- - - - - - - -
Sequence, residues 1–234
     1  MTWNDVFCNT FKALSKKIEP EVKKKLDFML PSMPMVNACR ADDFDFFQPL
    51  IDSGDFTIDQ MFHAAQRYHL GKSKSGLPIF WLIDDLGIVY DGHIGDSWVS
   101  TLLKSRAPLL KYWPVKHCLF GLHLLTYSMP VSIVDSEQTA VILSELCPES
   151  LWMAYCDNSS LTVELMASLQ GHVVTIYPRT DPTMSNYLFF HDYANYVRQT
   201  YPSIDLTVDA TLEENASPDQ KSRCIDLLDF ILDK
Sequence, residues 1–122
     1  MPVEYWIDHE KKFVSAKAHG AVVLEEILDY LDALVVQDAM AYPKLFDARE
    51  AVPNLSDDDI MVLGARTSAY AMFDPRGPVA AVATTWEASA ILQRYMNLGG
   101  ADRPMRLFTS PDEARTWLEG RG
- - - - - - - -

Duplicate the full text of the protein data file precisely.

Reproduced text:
Sequence, residues 1–234
     1  MTWNDVFCNT FKALSKKIEP EVKKKLDFML PSMPMVNACR ADDFDFFQPL
    51  IDSGDFTIDQ MFHAAQRYHL GKSKSGLPIF WLIDDLGIVY DGHIGDSWVS
   101  TLLKSRAPLL KYWPVKHCLF GLHLLTYSMP VSIVDSEQTA VILSELCPES
   151  LWMAYCDNSS LTVELMASLQ GHVVTIYPRT DPTMSNYLFF HDYANYVRQT
   201  YPSIDLTVDA TLEENASPDQ KSRCIDLLDF ILDK
Sequence, residues 1–122
     1  MPVEYWIDHE KKFVSAKAHG AVVLEEILDY LDALVVQDAM AYPKLFDARE
    51  AVPNLSDDDI MVLGARTSAY AMFDPRGPVA AVATTWEASA ILQRYMNLGG
   101  ADRPMRLFTS PDEARTWLEG RG